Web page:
After the noise of the cannon has become continuous, its effects are better borne, to use a medical phrase; and here let me remark that the artillery, according to the observations of the most experienced veterans I have met, did comparatively little damage to the physical foe, but the noise which accompanied it was found to be exceedingly demoralizing. The cavalry trusted even more to moral influences, as is shown by the fact that all through the war a sabre wound was a curiosity in a military hospital. After several hours spent in loitering and wondering and speculating, a staff officer gallops along the line enshrouded in a cloud of dust, and, in a voice as hoarse as his young throat can command, orders up some particular battalion or brigade. By this time the men are somewhat seasoned, and while here or there may be observed the wandering eye and haggard look of one brave on principle only, in the main the men have come to accept fate with reasonable cheerfulness. If a shell happens to drop near us, throwing up the earth and frightfully mutilating a dozen or more of our comrades, there is a sickening pause, relieved by the hoarse call of the sergeants to " close up. ’ We pass on, and the maimed are left behind. Our movements are nearly always made running,— what the soldiers call “on the double-quick,” celerity being a prime necessity on the field, — the commanding officers being on horseback. When the allotted position is reached, we are told to lie down. We never see the enemy. When we fire, we fire at the smoke two or three fields away. We continue firing “ by file,” as it is called, in contradistinction to volley ; all the time wondering how many are in front of us, what we are going to do next, and what will be the outcome of all this.

While waiting for the firing to commence, I notice many of the young men taking from their breast-pockets letters or other tokens, frequently photographs. The soldier in line being usually a boy in his early twenties, it is his mother whose photograph is drawn from his breast. The field officer, who, a little farther back, sits on his horse, is an older man, and it is his children whose pictures are taken out and furtively kissed. Meanwhile, the booming of the cannon has changed in position, and is farther off. We are told to rise and advance. There is again a whirl of wheels ; the battery is being established, and we are told to support it. We lie down, while the bullets sing and whistle as they pass over us, for at this juncture we are but little exposed. More hours of this dreary lying in the dust, waiting for we know not what, while one by one our comrades are carried softly to the rear, bleeding and moaning. A few refuse to leave the line, though wounded, and remain where they are, with a handkerchief knotted sternly over the maimed limb. After some hours, the delirium, or intoxication, which has made us willing victims seems to have spent itself. The noise of conflict draws nearer ; the enemy’s cannon seem to have got our range, and every discharge pours destruction upon our battery. There is a faint cheer ; the men grow whiter; a staff officer gallops up with orders for ns to “ limber up.” A confused noise us of many voices comes now to be mingled with the heavy boom of the artillery, which is in front of us and drawing nearer. There are a few moments of bewildering suspense ; at last we see that for some time the men of our battalion have been dropping to the rear, — some on the pretense of carrying wounded comrades. some going for water, some feigning to be, and some really, sick. The field behind us grows black with fugitives. Presently we hear the command to “fall back,” which gives to the brave, who stood fast, the warrant to follow the example of the fugitives. Then comes the awful scene of a retreat, a panic, in which our whole army, or what we can see of it, seems stricken with the storms and thunderbolts of inevitable destruction. Now fear becomes canonized ! Men who but a few hours ago had nerved themselves for death can be seen lost to all sense of shame, conscious of nothing but the overpowering sense of deadly peril, fleeing disunitedly, officers and all. Here and there an effort is made to halt the panting fugitives and re-form the shattered lines, — an effort seldom successful, the most that can be hoped being the preservation of some form of organization, and a remnant of the discipline which but this morning was so absolute. Yet at times, after all this storm of disaster, after having been driven for miles upon miles, our forces have been grasped by a strong hand and led back to overwhelming victory. So frequent and inexplicable are the alternations of advance and retreat, so incessant is the commotion, that to the dizzied eyes of the common soldier or the subaltern there seems to be nothing in defeat but ruinous flight, nothing in victory but the beginning of another march.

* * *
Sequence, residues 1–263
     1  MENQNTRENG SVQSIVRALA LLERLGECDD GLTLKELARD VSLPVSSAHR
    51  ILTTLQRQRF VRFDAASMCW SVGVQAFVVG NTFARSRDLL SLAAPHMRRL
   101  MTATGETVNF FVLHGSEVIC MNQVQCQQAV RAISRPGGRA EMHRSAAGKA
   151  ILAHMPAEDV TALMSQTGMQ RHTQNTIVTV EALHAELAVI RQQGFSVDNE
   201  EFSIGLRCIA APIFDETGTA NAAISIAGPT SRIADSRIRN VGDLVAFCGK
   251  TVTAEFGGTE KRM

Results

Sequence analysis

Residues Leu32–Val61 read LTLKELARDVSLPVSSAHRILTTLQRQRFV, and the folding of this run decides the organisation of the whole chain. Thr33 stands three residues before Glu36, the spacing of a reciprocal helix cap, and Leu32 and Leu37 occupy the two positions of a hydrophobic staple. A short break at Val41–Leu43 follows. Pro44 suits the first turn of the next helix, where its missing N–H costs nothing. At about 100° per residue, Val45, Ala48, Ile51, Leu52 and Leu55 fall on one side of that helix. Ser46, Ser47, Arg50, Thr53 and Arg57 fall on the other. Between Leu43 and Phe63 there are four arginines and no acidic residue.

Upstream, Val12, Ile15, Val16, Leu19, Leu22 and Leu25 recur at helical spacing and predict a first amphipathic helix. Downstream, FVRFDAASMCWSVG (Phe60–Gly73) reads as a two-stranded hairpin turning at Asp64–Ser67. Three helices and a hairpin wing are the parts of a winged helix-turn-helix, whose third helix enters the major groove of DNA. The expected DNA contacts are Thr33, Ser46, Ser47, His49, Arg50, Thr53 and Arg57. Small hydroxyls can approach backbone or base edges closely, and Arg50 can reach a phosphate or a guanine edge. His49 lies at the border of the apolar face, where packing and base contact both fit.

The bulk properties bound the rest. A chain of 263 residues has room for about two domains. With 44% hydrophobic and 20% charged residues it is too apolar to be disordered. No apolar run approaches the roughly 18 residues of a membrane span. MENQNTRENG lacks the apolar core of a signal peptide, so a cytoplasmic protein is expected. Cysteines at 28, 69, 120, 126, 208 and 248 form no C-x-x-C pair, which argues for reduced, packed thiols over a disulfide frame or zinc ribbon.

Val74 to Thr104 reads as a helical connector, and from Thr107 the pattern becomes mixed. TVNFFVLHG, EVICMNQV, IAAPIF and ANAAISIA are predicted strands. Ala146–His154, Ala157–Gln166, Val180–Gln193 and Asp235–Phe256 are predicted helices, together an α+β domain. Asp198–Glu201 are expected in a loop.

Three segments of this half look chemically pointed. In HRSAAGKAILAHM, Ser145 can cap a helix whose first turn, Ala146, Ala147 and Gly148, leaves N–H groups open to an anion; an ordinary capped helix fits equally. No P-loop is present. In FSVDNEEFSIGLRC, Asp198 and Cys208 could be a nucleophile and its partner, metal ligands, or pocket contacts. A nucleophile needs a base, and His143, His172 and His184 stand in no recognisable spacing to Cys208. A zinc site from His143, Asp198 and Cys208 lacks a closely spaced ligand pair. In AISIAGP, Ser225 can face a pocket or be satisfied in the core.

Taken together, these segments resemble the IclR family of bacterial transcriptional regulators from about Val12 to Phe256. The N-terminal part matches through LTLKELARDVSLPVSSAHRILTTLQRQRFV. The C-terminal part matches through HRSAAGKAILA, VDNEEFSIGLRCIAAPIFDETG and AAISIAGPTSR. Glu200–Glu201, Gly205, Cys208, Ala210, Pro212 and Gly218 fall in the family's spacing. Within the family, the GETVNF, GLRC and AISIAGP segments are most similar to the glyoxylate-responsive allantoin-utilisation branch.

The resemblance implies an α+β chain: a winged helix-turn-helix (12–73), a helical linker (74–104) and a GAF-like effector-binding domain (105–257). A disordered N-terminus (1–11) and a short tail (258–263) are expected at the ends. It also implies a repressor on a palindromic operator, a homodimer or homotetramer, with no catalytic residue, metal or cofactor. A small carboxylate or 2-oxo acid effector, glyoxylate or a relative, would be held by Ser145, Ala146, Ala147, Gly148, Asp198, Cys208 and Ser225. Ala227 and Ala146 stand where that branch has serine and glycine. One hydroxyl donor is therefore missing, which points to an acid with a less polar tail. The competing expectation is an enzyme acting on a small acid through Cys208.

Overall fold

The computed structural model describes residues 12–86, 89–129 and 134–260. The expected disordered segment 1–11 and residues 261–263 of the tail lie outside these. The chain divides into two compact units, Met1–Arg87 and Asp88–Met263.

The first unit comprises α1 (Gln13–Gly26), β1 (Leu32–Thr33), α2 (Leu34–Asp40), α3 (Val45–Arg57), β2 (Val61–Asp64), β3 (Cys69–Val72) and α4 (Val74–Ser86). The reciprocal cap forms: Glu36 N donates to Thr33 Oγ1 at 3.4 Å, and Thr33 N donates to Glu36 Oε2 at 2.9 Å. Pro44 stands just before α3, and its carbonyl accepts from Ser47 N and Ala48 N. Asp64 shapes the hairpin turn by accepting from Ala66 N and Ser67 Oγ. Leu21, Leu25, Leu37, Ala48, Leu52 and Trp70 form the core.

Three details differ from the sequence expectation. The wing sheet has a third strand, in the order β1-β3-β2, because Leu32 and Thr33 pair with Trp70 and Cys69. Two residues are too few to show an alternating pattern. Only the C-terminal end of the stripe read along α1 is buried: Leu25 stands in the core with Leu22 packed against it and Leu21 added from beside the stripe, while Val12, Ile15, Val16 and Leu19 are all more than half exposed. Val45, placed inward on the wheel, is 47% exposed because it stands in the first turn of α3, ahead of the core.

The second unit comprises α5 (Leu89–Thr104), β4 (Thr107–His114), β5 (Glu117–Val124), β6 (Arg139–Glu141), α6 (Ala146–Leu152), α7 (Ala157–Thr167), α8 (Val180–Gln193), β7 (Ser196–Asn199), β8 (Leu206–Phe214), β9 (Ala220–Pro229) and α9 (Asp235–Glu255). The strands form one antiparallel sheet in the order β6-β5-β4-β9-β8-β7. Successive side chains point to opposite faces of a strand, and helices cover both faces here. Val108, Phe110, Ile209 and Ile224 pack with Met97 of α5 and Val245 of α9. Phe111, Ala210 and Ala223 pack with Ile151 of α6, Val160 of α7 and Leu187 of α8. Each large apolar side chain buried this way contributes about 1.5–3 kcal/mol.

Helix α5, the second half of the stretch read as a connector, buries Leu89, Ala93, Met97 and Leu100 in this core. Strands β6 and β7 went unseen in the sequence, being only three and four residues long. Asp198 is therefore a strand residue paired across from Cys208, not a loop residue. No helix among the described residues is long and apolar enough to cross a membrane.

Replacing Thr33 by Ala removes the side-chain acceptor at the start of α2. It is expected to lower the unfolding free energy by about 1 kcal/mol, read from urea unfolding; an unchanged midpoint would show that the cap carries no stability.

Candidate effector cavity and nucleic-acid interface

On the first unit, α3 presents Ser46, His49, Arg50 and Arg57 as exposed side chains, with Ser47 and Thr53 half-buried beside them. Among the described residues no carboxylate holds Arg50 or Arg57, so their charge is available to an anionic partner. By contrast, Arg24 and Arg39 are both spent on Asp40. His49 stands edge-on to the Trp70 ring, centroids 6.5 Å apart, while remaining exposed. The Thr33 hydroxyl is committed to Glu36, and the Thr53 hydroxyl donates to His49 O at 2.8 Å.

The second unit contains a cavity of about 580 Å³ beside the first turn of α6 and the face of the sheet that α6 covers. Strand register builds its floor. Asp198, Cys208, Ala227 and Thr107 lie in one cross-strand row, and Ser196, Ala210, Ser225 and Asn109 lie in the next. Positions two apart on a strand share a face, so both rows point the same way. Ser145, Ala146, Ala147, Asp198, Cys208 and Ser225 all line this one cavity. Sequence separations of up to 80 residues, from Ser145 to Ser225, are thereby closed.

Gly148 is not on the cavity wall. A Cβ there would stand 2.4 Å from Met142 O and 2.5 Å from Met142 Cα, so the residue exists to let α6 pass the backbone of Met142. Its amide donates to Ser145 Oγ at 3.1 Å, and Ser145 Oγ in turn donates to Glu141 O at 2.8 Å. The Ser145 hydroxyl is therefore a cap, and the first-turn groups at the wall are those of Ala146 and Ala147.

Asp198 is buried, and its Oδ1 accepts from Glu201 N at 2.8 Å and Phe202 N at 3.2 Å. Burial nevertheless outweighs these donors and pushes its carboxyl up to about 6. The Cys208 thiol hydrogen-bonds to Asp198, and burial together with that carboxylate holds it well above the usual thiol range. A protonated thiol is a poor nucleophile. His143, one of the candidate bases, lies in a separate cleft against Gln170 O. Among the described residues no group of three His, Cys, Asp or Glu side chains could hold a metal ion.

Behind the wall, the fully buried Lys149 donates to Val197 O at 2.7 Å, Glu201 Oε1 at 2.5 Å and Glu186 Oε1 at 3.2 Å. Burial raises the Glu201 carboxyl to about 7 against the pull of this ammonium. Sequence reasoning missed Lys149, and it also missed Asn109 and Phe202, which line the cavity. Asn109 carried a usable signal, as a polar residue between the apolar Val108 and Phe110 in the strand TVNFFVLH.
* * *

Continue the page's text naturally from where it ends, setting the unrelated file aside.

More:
Whether the young patriot has served his country as Jacob served for love of Rachel, or whether the sense of patriotic duty enlisted him for “ three years or the war,” when peace is declared and he sets his face homeward, he must not be disappointed to learn that the enthusiasm of his friends at home is somewhat war-worn; to find that those subjects so long of vital importance to him have lost interest for the non-combatant, who, by the way, has been replacing him in every field of industry. He will return in faded uniform, listless from malaria, only too happy if he find that his place is not wholly filled, and content that the honor of saving the republic must be divided with thousands of his countrymen who carried arms, and with many and many who did not. He will remember that the State owes him nothing, can owe him nothing, for he was a volunteer. The name and number of his regiment will soon cease to be ; and some years later he will be a sadder man to know that, although at Gettysburg some five thousand New Yorkers perished, the only monument erected to the New York soldiers is dedicated to a militia regiment that never fired a shot. But the soldier has merged his individuality for the general good, and that element of the heroic which has been made his own by hunger and vigil and danger must now be ignored by him almost as completely as by the comrade left upon the field of battle.

“ And when the wind in the treetops roared,
The soldier asked from the deep dark grave,
. ‘ Did the banner flutter then ? ’
‘ Not so, my hero,’ the Wind replied :
1 The fight is done, but the banner is won ;
Thy comrades of old have borne it hence, —
Have borne it in triumph hence ! ’
Then the soldier spake from the deep dark grave,

‘ I am content.‘ ”

S. R. Elliott.